Music Choice, a provider of digital music services to pay-TV providers, has sued Canada-based competitor Stingray Digital Group, alleging infringement of four patents.
Music Choice — whose owners include Comcast, Sony and Time Warner — alleged that Stingray’s digital music service infringes four Music Choice patents, including patents covering onscreen technology that display music- and song-related visuals and facts. Music Choice is seeking an injunction barring Stingray from using the patented technology as well as unspecified monetary damages.
According to Music Choice’s suit, Stingray developed the allegedly infringing features after it obtained access to confidential information about Music Choice’s technology and distribution agreements as part of talks about the potential acquisition of Music Choice.
UPDATED, June 7: Stingray released a statement saying Music Choice’s lawsuit is “without merit” and that it intends to defend itself vigorously. “Although Stingray is in the process of analyzing the claims made in the complaint, including the validity of the patents asserted by Music Choice, Stingray believes that the Music Choice allegations are simply not relevant: Stingray does not use (much less infringe) the Music Choice patents,” the company said in a statement. “Given the significant inroads that Stingray has made in the U.S. market with its industry-changing technology, Stingray believes that Music Choice’s complaint is without merit and primarily motivated by competitive concerns rather than a desire to protect its intellectual property.”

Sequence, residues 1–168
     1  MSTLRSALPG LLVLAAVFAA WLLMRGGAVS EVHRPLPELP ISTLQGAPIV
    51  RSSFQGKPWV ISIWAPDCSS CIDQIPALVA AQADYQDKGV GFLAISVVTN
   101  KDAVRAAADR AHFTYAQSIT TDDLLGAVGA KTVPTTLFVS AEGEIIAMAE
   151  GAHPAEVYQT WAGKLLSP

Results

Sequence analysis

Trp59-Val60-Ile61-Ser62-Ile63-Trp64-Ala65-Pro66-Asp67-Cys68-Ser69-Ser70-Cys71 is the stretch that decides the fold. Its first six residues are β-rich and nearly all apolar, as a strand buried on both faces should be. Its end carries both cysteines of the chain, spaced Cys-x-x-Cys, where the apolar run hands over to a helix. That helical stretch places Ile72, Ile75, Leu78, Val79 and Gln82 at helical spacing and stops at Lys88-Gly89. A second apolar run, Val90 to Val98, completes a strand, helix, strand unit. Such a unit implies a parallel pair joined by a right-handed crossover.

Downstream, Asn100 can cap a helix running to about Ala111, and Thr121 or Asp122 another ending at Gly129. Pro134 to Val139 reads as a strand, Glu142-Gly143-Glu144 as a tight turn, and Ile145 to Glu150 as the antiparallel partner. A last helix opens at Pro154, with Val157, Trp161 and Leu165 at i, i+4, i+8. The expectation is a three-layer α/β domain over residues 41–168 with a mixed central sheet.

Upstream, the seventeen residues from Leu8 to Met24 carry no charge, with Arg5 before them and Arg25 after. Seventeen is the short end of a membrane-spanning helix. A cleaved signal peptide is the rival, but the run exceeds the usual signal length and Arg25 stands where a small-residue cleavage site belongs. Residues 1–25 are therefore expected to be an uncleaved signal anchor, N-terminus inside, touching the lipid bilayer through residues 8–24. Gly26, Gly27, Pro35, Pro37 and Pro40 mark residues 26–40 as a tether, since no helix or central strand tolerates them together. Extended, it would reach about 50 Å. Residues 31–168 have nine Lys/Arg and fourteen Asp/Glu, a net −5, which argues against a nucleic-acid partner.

The patents at issue in the lawsuit are U.S. Patent Nos. 8,769,602, 9,357,245, 7,320,025 and 9,351,045.
Customers of Stingray include AT&T U-verse, which dropped Music Choice’s channels in early 2015. The company, based in Montreal, Quebec, claims it reaches 400 million TV households in 152 countries.
Music Choice, which launched in 1991, is owned by Microsoft, Arris, Sony Corp. of America, EMI Music Publishing, Time Warner, Comcast, Cox Communications and Time Warner Cable (now part of Charter Communications). The company filed the lawsuit against Stingray in the U.S. District Court for the Eastern District of Texas.
“Stingray must compete fairly in the marketplace without using Music Choice’s proprietary, patented technology in blatant violation of our intellectual-property rights,” Music Choice president and CEO Dave Del Beccaro said in a statement. “Stingray’s unauthorized and infringing use of technology developed and patented by Music Choice is detrimental, not only to Music Choice, but to our customers and the industry as a whole.”
According to Music Choice, its services currently have more than 47 million monthly listeners in the U.S. through Cablevision Systems’ Optimum, Charter Communications, Comcast’s Xfinity, Cox Communications, Verizon FiOS and other operators.